# Introduction

This is part 2 of my playing around with AVR microcontrollers. Last time, I had a basic setup which could program an AVR using the Arduino ISP. I used it to drive a simple 7-segment, multiplexed 4-digit LED display. This is a follow up where I try out some of the other features the ATTiny24A has to offer. I also decided to invest some money in an AVR Dragon programmer/debugger so I'll go over some basic playing and setup with this device. I'll also discuss some of the problems and pitfalls I've encountered along the way.

# AVR Dragon Setup

The AVR Dragon is a decently low-cost AVR programmer/debugger. It supports a wide variety of programming and debugging capabilities (as far as I know, every AVR protocol is supported). This includes the high-voltage programming capabilities used for fixing fuse problems with certain AVR devices. Even though the product is made by Atmel, it comes in a very hobby-like package. The device doesn't come with any cabling required to use it, nor does it come fully populated with all the headers. It doesn't even come with a case, you just get a bare PCB device.

Despite these faults, it isn't too difficult to setup the device to use. What other items you will need (including what it's used for):

• USB A-B cable. This is used to power the AVR Dragon/communicate with it.
• 6-pin 2x3, 0.1" pitch female-female cable. I had a hard time finding a cable which could be used for this so I decided to make my own. This is used for SPI programming, aWire debugging, PDI debugging, and debugWIRE debugging. Note that the 5V AVR Dragon power supply for target boards also has the same connector, but you don't necessarily need the full six pins since half the pins are ground and the other half are 5V. Since I am making my own cable, I decided to make it so the AVR Dragon end has a solid 6-pin 2x3 connector. On the other end, I put individual female connectors so I can have any cable configuration on the target board. This is not a requirement, but it will make programming/debugging chips on a breadboard possible/easier rather than a fixed 6-pin connector. As a note, it's not required that this be a female-female cable, only the AVR dragon side needs to have a female connector.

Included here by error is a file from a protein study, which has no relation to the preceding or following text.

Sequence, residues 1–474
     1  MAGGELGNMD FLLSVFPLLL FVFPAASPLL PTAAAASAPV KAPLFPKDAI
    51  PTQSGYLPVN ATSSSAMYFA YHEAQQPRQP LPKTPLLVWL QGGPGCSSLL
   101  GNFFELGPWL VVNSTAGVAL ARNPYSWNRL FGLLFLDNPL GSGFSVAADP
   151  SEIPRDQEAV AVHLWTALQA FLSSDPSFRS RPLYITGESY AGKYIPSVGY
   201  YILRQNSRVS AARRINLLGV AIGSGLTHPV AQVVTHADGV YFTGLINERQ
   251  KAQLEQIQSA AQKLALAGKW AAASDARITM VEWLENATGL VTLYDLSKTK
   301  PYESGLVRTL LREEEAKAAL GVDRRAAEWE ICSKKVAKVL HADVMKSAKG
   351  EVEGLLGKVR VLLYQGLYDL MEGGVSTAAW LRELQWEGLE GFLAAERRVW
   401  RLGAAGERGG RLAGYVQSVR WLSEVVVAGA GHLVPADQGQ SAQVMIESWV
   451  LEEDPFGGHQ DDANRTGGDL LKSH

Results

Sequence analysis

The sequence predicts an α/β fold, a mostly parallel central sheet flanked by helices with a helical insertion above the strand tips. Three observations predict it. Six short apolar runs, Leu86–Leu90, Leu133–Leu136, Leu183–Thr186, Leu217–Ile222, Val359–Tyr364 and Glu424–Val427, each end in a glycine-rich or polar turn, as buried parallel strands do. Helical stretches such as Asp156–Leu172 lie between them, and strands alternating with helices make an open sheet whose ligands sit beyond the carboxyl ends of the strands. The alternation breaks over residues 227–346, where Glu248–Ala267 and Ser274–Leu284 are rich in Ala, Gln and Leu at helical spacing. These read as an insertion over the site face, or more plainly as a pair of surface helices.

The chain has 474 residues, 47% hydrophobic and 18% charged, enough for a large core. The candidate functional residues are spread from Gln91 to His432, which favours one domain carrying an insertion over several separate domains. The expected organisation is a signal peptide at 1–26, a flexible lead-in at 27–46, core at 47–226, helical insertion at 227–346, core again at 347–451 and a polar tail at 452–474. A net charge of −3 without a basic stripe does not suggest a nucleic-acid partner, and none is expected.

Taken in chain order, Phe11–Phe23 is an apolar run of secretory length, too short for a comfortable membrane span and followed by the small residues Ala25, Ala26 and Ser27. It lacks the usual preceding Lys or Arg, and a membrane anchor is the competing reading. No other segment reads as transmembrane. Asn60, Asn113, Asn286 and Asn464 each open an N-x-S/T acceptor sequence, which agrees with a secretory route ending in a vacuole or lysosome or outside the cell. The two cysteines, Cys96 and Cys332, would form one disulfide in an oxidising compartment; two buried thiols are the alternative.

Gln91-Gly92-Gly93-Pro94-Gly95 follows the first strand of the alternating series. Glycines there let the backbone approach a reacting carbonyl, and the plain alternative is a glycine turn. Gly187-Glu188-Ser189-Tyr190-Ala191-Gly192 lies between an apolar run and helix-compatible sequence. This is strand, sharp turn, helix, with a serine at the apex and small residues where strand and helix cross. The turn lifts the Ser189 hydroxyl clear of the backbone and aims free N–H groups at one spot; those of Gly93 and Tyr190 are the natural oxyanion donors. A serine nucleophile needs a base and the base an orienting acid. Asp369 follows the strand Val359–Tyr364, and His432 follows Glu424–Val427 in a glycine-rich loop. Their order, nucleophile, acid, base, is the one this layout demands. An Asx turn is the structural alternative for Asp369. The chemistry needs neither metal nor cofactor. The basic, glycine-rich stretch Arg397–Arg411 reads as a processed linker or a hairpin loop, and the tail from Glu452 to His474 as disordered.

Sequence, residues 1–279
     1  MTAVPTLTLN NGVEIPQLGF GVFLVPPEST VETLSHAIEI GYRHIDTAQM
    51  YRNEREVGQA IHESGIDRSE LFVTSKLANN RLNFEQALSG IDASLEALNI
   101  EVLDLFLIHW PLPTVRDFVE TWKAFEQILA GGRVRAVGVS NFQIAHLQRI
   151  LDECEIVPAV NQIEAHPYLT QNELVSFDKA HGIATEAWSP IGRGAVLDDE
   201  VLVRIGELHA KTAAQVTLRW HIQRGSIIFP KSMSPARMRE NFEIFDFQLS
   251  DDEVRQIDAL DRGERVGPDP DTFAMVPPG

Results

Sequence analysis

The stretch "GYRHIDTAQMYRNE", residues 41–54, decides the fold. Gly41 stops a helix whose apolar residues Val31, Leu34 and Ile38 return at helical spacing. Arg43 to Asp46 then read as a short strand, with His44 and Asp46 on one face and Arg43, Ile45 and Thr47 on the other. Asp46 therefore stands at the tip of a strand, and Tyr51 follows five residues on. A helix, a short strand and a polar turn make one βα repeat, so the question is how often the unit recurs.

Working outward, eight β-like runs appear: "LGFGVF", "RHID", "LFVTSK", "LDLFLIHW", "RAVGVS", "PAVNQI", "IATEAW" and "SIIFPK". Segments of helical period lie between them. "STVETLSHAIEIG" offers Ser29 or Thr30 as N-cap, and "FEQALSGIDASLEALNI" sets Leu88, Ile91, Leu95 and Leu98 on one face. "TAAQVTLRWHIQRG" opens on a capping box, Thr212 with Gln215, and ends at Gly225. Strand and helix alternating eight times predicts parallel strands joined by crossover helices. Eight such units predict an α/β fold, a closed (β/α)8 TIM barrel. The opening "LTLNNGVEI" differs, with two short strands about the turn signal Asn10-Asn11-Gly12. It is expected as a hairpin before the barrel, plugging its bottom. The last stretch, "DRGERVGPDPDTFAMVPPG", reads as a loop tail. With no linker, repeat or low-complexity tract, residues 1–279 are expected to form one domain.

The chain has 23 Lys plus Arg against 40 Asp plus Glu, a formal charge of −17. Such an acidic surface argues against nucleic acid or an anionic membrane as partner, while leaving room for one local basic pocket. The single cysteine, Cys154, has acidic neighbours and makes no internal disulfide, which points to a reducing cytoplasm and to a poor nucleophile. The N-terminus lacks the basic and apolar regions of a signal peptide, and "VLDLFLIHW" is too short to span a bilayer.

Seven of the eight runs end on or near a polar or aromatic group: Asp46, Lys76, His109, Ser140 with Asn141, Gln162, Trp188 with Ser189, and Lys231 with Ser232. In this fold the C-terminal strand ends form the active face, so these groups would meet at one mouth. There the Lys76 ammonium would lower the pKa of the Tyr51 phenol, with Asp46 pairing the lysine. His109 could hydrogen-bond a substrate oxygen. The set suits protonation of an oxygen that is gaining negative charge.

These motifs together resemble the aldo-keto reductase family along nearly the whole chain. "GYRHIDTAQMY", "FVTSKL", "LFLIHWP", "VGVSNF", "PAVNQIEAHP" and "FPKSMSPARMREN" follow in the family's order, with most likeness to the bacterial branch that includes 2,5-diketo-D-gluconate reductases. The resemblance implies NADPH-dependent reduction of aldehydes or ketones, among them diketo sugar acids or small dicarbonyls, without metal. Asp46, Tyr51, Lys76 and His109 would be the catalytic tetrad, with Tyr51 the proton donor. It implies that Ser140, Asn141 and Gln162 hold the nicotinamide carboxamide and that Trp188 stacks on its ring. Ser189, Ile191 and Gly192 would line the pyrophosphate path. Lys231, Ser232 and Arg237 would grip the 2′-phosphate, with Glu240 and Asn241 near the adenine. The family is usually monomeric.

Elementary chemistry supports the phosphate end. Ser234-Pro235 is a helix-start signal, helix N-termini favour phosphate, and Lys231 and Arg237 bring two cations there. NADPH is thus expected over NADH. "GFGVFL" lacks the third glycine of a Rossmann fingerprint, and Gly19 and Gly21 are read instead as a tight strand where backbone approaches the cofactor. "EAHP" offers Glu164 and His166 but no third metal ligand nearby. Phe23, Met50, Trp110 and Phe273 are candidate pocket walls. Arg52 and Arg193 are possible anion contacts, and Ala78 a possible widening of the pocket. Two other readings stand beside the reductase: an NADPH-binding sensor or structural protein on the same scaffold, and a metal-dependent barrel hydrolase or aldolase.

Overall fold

• 10-pin 2x5, 0.1" pitch female-female cable. This is used for JTAG programming/debugging. Again, I chose to make my own cable with the same 10-pin solid connector on one end and individual connectors on the other end. Note that not all 10 positions need be loaded, only 8 are and arguably you might be able to get away with fewer.
• 20-pin, 2x10, 0.1" pitch female-female cable. This is used for the high-voltage serial/parallel programming. What I believe the primary use of this interface is for is to reset fuses if you accidentally set them incorrectly and brick your device. Again, I have a fixed 20-pin connector on one end and individual pins on the other.
• 20-pin, 2x10, 0.1" pitch male-pin rectangular connector. The AVR Dragon does not come populated with a header for the high-voltage serial/parallel programmer pins, so if you need this functionality you'll need the header (or solder directly onto the board).
• 40-pin, 2x20, 0.1" pitch male-pin rectangular connector. This is for use with the on-board prototyping area. Each pin matches each of the various pinouts for any chip attached to the prototyping area.